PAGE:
Letters for January 16, 2003
I almost choked when I saw your editorial about reinstating the draft [“A modest proposal: Reinstate the draft,” Jan. 9]. From 1968 to 1970 I was a conscientious objector doing alternative service teaching at a small school for severely emotionally disturbed children. Your editorial is right in that serious discussion about the reinstatement of the draft might awaken some people to what the Bush administration is doing. However, I will do my best to see that the draft is not reinstated. Remember, there are alternatives!
I gotta be me
It was a blast to see myself on the cover of your SUV edition [“Sitting high and mighty,” Jan. 9]. The whole article was a major awakening, like going to a really good palm reader. Suddenly everything makes sense: the wreckage stuck to my toothy grill, the screams, the enormous gas bills and the constant rollovers.
I tried to discuss it with my wife, but, as you point out, we’re not close, and, after 30 years of marriage, the kids have left too. Thanks to your article, I am a changed man, like Scrooge on Christmas morning.
Oh hell, who am I kidding? I can’t change. You’ll just have to stay out of my way or suffer the consequences. Besides, my president drives one. (We’re both still giggling about the election.)
I’m glad I got that off my chest. I feel sort of cleansed.
Your article wasn’t a total waste. I noticed that my flag was too small. Just as soon as I pour this leftover gas down the nearest storm drain and fill up with fresh high-octane, I’m off for a new one.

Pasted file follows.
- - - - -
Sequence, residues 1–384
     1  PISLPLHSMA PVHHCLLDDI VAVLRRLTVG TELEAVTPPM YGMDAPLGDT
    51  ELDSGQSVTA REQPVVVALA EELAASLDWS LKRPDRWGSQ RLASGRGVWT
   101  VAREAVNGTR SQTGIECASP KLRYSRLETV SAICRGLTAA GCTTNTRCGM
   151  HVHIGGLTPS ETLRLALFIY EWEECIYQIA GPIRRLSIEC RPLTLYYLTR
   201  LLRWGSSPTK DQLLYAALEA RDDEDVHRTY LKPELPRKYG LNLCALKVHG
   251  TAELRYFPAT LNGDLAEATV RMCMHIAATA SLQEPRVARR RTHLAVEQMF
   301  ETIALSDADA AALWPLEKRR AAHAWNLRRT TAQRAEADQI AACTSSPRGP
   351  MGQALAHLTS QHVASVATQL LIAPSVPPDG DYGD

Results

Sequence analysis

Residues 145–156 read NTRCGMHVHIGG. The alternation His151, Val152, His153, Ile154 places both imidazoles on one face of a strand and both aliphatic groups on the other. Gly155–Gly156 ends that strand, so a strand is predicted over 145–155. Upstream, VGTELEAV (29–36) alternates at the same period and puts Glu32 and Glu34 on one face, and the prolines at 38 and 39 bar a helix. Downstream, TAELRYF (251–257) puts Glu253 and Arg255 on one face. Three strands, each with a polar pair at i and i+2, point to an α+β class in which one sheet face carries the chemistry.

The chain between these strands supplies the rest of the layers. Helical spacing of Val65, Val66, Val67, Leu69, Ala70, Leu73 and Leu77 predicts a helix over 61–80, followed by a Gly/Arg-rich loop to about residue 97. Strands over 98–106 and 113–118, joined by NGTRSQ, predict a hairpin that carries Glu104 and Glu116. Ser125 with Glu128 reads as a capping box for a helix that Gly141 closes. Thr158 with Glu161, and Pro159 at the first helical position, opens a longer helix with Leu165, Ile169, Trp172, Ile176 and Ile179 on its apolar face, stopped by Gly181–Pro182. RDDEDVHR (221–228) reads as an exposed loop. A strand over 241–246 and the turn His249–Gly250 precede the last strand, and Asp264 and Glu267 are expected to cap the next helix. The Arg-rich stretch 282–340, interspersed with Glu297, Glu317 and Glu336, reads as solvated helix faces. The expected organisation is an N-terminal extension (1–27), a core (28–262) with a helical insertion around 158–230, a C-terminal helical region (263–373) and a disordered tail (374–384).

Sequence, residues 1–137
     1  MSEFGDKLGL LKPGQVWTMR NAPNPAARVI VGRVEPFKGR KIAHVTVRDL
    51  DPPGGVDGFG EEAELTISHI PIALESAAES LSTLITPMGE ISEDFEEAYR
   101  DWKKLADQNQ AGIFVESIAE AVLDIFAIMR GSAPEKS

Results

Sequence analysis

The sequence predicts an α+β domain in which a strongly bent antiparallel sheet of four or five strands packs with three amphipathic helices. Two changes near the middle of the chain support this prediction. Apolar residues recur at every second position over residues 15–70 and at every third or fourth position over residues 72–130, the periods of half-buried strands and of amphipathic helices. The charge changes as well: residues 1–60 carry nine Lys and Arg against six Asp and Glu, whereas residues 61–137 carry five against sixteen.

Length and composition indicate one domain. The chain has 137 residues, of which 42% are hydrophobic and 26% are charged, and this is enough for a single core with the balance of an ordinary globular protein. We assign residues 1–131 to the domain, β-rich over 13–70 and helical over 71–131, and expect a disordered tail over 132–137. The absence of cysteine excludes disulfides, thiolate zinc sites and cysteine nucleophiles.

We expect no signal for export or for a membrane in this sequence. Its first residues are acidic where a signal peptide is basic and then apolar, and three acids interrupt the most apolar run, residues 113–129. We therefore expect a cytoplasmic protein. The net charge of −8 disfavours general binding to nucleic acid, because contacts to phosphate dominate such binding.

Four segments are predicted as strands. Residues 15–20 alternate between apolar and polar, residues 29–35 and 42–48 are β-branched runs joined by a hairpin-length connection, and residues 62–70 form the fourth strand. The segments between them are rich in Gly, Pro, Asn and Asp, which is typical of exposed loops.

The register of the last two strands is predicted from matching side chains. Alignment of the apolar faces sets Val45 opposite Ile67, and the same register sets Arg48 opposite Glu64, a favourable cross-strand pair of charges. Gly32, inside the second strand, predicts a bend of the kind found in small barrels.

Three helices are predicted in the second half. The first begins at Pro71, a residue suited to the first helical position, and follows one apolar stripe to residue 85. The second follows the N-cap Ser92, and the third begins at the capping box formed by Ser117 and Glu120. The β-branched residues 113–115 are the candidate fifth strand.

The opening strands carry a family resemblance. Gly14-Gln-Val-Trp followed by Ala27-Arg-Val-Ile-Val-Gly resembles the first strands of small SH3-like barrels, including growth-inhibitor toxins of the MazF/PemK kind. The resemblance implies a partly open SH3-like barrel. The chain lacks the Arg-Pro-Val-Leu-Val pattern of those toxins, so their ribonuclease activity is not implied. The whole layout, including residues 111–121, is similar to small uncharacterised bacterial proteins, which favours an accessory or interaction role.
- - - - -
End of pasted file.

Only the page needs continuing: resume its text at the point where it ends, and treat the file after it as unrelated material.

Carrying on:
It’s good to be me, and good to look down from my SUV.
Why are you publishing articles about SUV drivers being ruder than other drivers? If anything, the opposite is true. For some reason drivers of compact cars seem to think that they can squeeze into very small spaces to cut you off because they are so little. On the freeway this is especially dangerous. After driving an SUV for the last couple of years, I’m wary of small cars pulling up on me in the fast lane, because they so frequently cut me off, and then they have the nerve to flip me off because I’m too close. Explain that one to me.
I have elderly grandparents that I help out by taking them to doctor’s appointments and running errands. My SUV sits up just high enough that they’re much more comfortable getting in and out than with my mom’s car. It’s easier on them, so I’m the designated driver most of the time.
Tom Gascoyne said that, as soon as he filled up the Suburban with gas, he hated them again. If the Suburban was a 2003 model, then it got better gas mileage than [the story stated]. It most likely wasn’t all the way full when he picked it up, and he topped it off to make the difference more noticeable. My parents drove a 1990 Suburban that got better gas mileage than that. The new ones should get about 13 miles to the gallon around town and 16 on the freeway.
Your article seemed to be based upon jealousy for other socio-economic classes of people. Talk about stereotyping people: This was one of the most blatant attacks I’ve seen in a while. Where’s your tolerance now? Is it because there is none when you don’t believe in what others choose to do? Why should I be despised for driving an SUV? It’s kind of like the statement from pro-choicers that goes like this, “If you don’t believe in abortion, don’t have one.” SUV owners say, “If you don’t like SUVs, don’t drive one.” In both cases the implication is clear: Mind your own damn business!